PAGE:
EVERY child hopes for a good school report to be sent home – and Gloucester City Council was no different when it was reviewed by experts from other councils.
A team of local government officials from around the country have given the thumbs up to the council’s ‘huge’ efforts in the regeneration of the city.
It points to successes such as the revitalisation of the Docks, the Robert Raikes pub, preserving the Fleece Hotel and creating St Oswald’s Retail Park and redeveloping the Railway Triangle.
The peer review, which included a panel made up of the likes of Sir Stephen Houghton, leader of Barnsley Metropolitan Borough Council, saw every angle of the council scrutinised.
Chris Bowron, programme manager for peer support at theLocal Government Association, who also on the panel, said: “There has been a huge amount of regeneration and development activity in Gloucester over recent years and the council can be proud of what has been achieved in this regard.
“There seems to be a successful balancing of the regeneration and economic growth agenda with preserving the heritage and history of the city.
“The city vision has a focus on prosperity and emphasises the importance of the economy, regeneration and economic development.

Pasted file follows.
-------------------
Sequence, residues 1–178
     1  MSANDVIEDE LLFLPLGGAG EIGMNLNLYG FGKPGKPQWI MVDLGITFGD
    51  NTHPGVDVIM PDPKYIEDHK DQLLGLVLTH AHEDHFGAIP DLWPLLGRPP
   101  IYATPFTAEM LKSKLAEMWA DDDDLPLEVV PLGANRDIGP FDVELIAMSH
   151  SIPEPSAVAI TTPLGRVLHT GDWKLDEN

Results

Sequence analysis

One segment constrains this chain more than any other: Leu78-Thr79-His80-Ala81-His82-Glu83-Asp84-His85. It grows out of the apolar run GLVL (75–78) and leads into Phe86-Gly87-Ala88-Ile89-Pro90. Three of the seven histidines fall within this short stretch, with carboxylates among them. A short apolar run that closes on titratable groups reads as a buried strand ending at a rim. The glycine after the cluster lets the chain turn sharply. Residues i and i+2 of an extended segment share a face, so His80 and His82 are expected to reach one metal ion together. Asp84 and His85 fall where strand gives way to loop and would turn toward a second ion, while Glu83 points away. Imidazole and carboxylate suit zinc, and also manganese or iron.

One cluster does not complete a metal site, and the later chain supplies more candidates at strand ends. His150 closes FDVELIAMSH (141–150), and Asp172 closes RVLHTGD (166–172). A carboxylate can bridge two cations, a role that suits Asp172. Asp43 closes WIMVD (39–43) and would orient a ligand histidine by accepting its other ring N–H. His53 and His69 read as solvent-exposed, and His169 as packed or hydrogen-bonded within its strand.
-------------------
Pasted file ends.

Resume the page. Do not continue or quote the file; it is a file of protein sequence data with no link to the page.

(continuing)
“The council recognises the need for a strategic economic plan to help map the future out in more detail. There is much good work taking place on both physical and social regeneration in Gloucester, although we suggest these two strands need to be more closely integrated.”
But the group warned that cuts at the council could leave council bosses with the need to re-prioritise their goals for the city – as a reduced number of council officers may not have the resources to deal with every issue.
Mr Bowron warned: “Whilst the ambitions for further growth and development of the city continue to be high, it is important to ensure there is sufficient capacity to fulfil them. There has been a lot of change recently in relation to the way regeneration is managed and funded.
“The key question that needs to be answered is whether changes that have taken place have led to a reduction in capacity and resources. If the answer is ‘yes’, then there will inevitably be a requirement for re-prioritisation in some form.”
Paul James, leader of the city council, said: “I am pleased that the efforts that the council has put in around regeneration in recent years has been recognised in the peer challenge.
“There is of course more to be done and I am aware officers are working in difficult times with reduced resources.
“I see the report as being very positive but we have got to make sure there are sufficient resources to deliver what we want and I am mindful of that.”